Provided that in the case of any debt contracted before the commencement of the Hindu Succession (Amendment) Act, 2005, nothing contained in this sub-section shall affect–
(a) the right of any creditor to proceed against the son, grandson or great-grandson, as the case may be; or
(b) any alienation made in respect of or in satisfaction of, any such debt, and any such right or alienation shall be enforceable under the rule of pious obligation in the same manner and to the same extent as it would have been enforceable as if the Hindu Succession (Amendment) Act, 2005 had not been enacted.
Explanation.–For the purposes of clause (a), the expression “son”, “grandson” or “great-grandson” shall be deemed to refer to the son, grandson or great-grandson, as the case may be, who was born or adopted prior to the commencement of the Hindu Succession (Amendment) Act, 2005.
(5) Nothing contained in this section shall apply to a partition, which has been effected before the 20th day of December, 2004.
Explanation.–For the purposes of this section “partition” means any partition made by execution of a deed of partition duly registered under the Registration Act, 1908 (16 of 1908) or partition effected by a decree of a Court.”
“The construction of an Act which has been amended is now governed by technical rules and we must first be clear regarding the proper canons of construction. The rule is that when a subsequent Act amends an earlier one in such a way as to incorporate itself, or a part of itself, into the earlier, then the earlier Act, must thereafter be read and construed (except where that would lead to a repugnancy, inconsistency or absurdity) as if the altered words had been written into the earlier Act with pen and ink and the old words scored out so that thereafter these is no need to refer to the amending Act at all. This is the rule in England. It is the law in America. It is the law which the Privy Council applied to India.”
“An amending act is not regarded as an independent statute. The statute in its old form is superseded by the statute in its amended form, the amended section of the statute taking the place of the original section, for all intents and purposes as if the amendment had always been there. The amendment should be considered as if embodied in the whole statute of which it has become a part. Unless a contrary intent is clearly indicated, the amended statute is regarded as if the original statute had been repealed and the whole statute re-enacted with the amendment”.
Section 6A of the General Clauses Act:
“6-A. Repeal of Act making textual amendment in Act or Regulation.–Where any Central Act or Regulation made after the commencement of this Act repeals any enactment by which the text of any Central Act or Regulation was amended by the express omission, insertion or substitution of any matter, then, unless a different intention appears, the repeal shall not affect the continuance of any such amendment made by the enactment so repealed and in operation at the time of such repeal”.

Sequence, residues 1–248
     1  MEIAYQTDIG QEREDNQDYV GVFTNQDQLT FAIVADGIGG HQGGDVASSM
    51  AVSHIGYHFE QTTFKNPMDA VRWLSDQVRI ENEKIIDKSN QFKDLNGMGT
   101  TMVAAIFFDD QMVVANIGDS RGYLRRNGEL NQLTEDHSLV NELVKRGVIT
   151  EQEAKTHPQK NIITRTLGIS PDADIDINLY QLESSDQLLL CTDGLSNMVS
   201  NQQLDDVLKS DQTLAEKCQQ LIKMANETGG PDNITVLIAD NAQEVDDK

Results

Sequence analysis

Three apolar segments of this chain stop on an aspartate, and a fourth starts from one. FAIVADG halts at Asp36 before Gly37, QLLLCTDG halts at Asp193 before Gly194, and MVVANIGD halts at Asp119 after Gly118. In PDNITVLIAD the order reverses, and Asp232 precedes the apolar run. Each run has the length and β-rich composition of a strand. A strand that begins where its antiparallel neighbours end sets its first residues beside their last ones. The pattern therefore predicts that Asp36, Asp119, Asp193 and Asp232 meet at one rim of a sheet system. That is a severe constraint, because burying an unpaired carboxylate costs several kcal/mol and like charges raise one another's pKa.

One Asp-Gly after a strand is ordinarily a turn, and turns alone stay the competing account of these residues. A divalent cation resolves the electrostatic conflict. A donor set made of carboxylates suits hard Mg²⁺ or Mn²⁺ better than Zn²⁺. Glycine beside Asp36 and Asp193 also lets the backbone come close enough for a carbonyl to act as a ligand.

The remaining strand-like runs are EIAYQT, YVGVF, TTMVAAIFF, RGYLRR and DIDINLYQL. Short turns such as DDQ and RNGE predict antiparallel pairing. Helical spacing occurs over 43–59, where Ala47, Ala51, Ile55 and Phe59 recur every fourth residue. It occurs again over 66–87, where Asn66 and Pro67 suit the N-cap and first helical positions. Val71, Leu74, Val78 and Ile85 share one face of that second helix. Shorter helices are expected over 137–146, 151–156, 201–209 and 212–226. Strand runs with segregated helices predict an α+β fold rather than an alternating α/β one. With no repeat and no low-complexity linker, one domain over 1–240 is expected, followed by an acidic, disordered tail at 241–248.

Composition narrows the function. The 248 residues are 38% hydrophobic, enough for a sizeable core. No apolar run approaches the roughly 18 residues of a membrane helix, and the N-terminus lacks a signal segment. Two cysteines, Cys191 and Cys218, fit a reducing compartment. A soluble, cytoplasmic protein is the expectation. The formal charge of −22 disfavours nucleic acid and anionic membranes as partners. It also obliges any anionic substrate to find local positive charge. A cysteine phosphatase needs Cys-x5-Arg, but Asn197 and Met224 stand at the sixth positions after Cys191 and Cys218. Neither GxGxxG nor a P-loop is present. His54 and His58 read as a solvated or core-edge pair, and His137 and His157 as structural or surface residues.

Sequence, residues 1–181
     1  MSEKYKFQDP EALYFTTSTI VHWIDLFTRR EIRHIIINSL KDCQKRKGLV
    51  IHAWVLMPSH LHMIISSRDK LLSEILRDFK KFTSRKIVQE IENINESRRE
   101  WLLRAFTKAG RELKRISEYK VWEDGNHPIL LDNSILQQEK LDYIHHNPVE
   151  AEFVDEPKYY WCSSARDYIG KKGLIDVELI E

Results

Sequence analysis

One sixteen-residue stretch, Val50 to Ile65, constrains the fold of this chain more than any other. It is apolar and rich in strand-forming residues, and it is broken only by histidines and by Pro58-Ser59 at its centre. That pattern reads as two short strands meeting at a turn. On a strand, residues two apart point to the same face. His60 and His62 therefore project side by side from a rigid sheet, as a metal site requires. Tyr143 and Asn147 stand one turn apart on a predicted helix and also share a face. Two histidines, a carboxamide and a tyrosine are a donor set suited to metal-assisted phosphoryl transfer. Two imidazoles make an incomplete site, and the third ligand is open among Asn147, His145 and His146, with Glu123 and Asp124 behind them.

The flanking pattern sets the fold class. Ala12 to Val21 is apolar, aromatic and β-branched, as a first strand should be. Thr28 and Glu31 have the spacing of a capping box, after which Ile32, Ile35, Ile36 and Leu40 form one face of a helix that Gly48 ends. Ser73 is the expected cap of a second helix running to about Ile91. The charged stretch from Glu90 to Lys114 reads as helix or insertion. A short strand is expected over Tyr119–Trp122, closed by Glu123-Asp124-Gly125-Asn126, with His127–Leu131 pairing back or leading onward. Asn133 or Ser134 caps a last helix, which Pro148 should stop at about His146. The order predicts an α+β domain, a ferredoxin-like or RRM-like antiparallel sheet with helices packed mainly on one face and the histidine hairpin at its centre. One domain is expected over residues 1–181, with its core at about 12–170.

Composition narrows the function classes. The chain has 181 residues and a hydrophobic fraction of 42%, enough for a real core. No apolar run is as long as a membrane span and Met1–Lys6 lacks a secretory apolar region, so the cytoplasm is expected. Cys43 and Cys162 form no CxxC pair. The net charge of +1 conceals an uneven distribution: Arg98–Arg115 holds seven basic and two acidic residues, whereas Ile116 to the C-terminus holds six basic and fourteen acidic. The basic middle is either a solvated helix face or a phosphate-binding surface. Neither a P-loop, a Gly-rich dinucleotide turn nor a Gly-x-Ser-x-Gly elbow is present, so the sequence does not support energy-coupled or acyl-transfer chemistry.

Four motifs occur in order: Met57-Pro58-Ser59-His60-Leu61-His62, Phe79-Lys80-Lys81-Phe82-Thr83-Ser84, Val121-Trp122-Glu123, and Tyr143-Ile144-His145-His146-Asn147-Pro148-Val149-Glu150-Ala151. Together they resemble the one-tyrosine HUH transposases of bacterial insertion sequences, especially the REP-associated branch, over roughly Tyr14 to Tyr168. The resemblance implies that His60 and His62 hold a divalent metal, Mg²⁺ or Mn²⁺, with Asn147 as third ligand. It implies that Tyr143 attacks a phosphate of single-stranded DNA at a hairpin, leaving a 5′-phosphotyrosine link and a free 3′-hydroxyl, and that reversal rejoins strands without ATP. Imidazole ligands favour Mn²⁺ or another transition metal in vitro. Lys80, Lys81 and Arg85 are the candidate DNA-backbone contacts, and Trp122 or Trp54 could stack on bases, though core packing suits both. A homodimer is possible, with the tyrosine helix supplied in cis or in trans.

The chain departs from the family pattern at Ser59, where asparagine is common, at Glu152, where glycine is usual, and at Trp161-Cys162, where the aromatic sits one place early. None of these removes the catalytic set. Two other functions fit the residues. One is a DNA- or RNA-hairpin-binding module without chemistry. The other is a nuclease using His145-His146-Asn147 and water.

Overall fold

Section 4 of the Repealing and Amending Act, 2015 (Act No. 17/2015):
“The repeal by this Act of any enactment shall not affect any Act in which such enactment has been applied, incorporated or referred to;
and this Act shall not affect the validity, invalidity, effect or consequences of anything already done or suffered, or any right, title, obligation or liability already acquired, accrued or incurred or any remedy or proceeding in respect thereof, or any release or discharge of or from any debt, penalty, obligation, liability, claim or demand, or any indemnity already granted, or the proof of any past act or thing;
nor shall this Act affect any principle or rule of law, or established jurisdiction, form or course of pleading, practice or procedure, or existing usage, custom, privilege, restriction, exemption, office or appointment, notwithstanding that the same respectively may have been in any manner affirmed, recognized or derived by, in or from any enactment hereby repealed;
nor shall the repeal by this Act of any enactment provide or restore any jurisdiction, office, custom, liability, right, title privilege, restriction, exemption, usage, practice, procedure or other matter or thing not now existing or in force.”
“A statute Law Revision Act does not alter the law, but simply strikes out certain enactments which have become unnecessary. It invariably contains elaborate provisos.”
“Such Acts have no Legislative effect, but are designed for editorial revision, being intended only to excise dead matter from the statute book and to reduce its volume. Mostly, they expurgate amending Acts, because having imparted the amendments to the main Acts, those Acts have served their purpose and have no further reason for their existence. At times, inconsistencies are also removed by repealing and amending Acts. The only object of such Acts, which in England are called Statute Law Revision Acts, is legislative spring-cleaning and they are not intended to make any change in the law. Even so, they are guarded by saving clauses drawn with elaborate care,…”.
“Explanation: For the purposes of Section 6, “partition” means any partition made by execution of a deed of partition duly registered under the Registration Act, 1908 or partition effected by a decree of a Court.”
(a) The appeal is partly allowed.
(b) The Judgment and Decree of the trial Court is hereby confirmed in all respects except the properties sold under Exs. P1 to P3, which forms part of item No. 3 of the plaint schedule; the plaintiffs are not entitled for any share in the properties sold under Exs. P1 to P3.
(c) No costs.